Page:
In the room beyond they could see a massive brass lamp, 3’ at its base and 4’ high, sealed with lead, seated upon a high altar. Between them and the lamp were a series of 6 huge statues, arranged in three sets of two on the north and south walls. Between the nearest pair of statues hung a transparent blue curtain. “That must be the prison within which Al-Sindor sealed the efreeti pasha!” said Suad. “Let me consult the jinn” said Senef. “If the Star Gem of Zahar is here, it may be worth dealing with this foe!”

The jinn were forthcoming with answers. “Is the Efreeti Pasha that fought Al-Sindor imprisoned within the bottle?” Yes. “Is the Efreeti Pasha more powerful than the Child of Nasga we fought in the Endless Shaft?” “Is the Star Gem in the bottle?” No. A harsh argument ensued over what the Fated should do next. The argument ended when Rakh stepped forward into the blue curtain. Instantly, the poor Thrassian was frozen solid – not dead, but in a state of suspended animation. Senef was able to dispel the magic of the blue curtain, and the party pulled the Thrass-icle to safety and slowly warmed him up. He was largely unharmed, albeit in damp spirits. Sadly his enchanted axe did not survive the defrosting.

After camping out for the night, the party returned to the sunken temple of Pazar. A red curtain now shimmered between the second pair of statues. Suad was able to dispel this, but a yellow curtain immediately manifested between the final pair of statues. This proved impossible to dispel. Ethlyn decided to ignite her lightning-sword and try to cut down one of the statues. This proved…unwise…. As she was instantly blasted by a stroke of lightning. The lightning burned off a finger and melted her lightning-sword. “My sword! My sword!” she screamed, looking at the charred ruin of her finger.

The Fated decided to explore the rest of the temple to see if they could find a way to bypass the last curtain of energy. After a few hours of searching, they found fragments of writing in an abandoned library. These seemed to have been instructions to some sort of priestly order, requiring that the priests ensure the safety of the brass lamp every moon. Following the instructions allowed the party to approach the brass lamp safely, but they decided to wait until the morrow before disturbing it.

On the 19th of Agitelen, Senef greeted dawn with a divination: “What shall happen if we open up the brass lamp?” No genie can stand before the Cyclone of the Four. So reassured, Senef informed the party that with Cyclone of the Four Quarters at hand, he believed they could defeat the Efreeti. This faith was extended when Balen shared what he knew of the origin of Cyclone of the Four Quarters. “In the 7th century BE, mages in the City of the Phoenix grew concerned about trusting their fate to the Besherab of White Palm, as Al-Sindor had planned for. So they bound together fire, wind, sea, and air to create a scimitar, Cyclone of the Four Quarters, with the power to slay genies. The four entrust the blade to a warrior known as Shaddad. His killing spree curses the blade, and it was buried with him.” [Note: The Fated had discovered Cyclone of the Four Quarters by sheer chance while lost in the desert. See Session Ten].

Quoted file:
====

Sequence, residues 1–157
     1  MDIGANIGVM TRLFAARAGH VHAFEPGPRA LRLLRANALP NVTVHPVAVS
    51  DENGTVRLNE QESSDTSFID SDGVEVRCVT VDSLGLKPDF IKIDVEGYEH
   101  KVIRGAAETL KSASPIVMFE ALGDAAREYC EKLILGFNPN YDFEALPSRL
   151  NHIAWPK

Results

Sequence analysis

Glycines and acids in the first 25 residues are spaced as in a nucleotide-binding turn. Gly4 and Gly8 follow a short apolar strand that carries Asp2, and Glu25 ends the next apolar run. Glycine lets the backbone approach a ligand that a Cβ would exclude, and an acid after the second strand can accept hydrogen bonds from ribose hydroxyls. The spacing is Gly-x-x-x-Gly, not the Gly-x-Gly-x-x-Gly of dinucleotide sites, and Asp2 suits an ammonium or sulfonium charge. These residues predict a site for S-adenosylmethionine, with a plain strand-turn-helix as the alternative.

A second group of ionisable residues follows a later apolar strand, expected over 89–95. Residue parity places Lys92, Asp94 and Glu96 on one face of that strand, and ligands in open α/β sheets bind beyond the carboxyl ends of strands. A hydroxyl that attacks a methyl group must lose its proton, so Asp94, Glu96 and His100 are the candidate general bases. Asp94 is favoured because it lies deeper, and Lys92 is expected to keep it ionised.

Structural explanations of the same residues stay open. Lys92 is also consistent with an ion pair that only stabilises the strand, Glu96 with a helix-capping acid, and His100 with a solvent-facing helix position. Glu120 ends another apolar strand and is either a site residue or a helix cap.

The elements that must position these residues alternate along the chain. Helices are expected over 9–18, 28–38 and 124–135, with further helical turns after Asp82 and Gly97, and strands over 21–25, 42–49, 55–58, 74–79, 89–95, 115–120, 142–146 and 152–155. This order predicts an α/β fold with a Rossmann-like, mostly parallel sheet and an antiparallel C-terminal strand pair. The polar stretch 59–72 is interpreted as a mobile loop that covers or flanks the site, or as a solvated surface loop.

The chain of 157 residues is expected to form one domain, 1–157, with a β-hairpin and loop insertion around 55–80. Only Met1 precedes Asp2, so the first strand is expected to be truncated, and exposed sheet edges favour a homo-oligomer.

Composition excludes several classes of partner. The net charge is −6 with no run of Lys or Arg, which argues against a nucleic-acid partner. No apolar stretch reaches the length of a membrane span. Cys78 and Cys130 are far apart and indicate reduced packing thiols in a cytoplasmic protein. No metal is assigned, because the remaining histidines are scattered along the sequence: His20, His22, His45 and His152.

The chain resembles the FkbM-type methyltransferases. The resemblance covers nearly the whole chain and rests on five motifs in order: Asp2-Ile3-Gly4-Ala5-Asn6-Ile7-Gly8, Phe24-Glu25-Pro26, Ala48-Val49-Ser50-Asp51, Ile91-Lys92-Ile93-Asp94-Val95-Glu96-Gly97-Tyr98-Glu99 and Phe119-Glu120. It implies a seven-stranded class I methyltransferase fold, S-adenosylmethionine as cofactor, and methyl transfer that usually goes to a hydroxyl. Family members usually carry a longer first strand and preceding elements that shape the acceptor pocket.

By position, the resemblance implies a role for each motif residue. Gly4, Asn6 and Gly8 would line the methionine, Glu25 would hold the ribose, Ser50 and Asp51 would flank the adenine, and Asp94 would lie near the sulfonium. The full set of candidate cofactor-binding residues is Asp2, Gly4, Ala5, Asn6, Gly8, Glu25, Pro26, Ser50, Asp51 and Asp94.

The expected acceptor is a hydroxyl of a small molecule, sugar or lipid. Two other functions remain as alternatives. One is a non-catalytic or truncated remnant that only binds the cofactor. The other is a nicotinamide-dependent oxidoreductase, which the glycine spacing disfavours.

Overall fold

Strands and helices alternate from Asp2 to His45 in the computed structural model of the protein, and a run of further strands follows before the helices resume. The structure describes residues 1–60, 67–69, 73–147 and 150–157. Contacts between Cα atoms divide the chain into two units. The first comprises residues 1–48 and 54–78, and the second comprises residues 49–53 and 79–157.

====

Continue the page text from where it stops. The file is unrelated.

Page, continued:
Convinced of their ability to defeat the Efreeti Pasha, even though Al-Sindor had bound it rather than destroy it, the party unsealed the brass lamp. Immediately the flaming visage of the great genie emerged, a towering giant the height of ten men. Mahmud, with Cyclone of the Four Quarters in hand, hurled forward and began inflicting great wounds on the Efreeti Pasha. It responded by calling down elemental fire… in a moment, Rakh, Androcles, Sapphira, Senef, Balen, and Ethlyn were dead. Mahmud was, of course, unharmed. But before he or the other survivors could strike the genie again, it flew off on winds of flame.

The survivors – Mahmud, Shikra, Suad, Zoya, Ceara, and Dornethan – strapped the charred corpses of their friends onto their camels and sadly set off for Khaibar, the nearest town. They were so dispirited that they did not even stop to investigate the Zaharan tomb they discovered along the way.

Reaching Khaibar on the 21st, the Fated met with Achmed Raisul, a cleric of Imran in the Mosque of the Great Holy One. Mahmud explained what had befallen the party. After hearing the preposterous tale, the cleric concentrated deeply on a strange medallion. He nodded, as if confirming the truth of something, then excused himself to commune with Imran. When the cleric returned, he looked aggrieved. “Imran works with the tools at hand,” he said. He then produced the Mosque’s most sacred magical item, a miraculous ring, and used its power to bring the fallen back to life at full strength. After thanking the cleric profusely, the party decided its next step would be to wreak vengeance on the Efreeti Pasha.

Balen brought forth the crystal ball and commanded it to show him the Pasha. The crystal revealed an image of a purplish rock wall. At the wall, the Efreeti Pasha kneeled before a raven-haired ageless beauty with dusky skin wearing the archaic garb of Old Zahar. “Navana…I am released.” [In Session 11, the party had learned from the archmage of Alakyrum that a sorcerer-priestess named Navana created the Carnelian Idol. She had then vanished, but was allegedly alive and would one day return.] 

I went looking for part of the story, and this entire thread was borked. I think I’ve fixed it.

Thanks! Just finished part one a couple days ago, and I was horrified to discover that part two was unreadable. Really enjoying the session reports.

Re-un-borked the thread. Seemed to be tied to a specific case of the quote function.